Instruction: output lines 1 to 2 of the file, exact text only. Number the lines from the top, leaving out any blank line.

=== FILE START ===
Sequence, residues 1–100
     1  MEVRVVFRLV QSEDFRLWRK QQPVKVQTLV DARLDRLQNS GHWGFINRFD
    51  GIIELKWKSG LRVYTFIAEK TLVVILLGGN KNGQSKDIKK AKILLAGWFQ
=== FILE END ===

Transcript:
Sequence, residues 1–100
     1  MEVRVVFRLV QSEDFRLWRK QQPVKVQTLV DARLDRLQNS GHWGFINRFD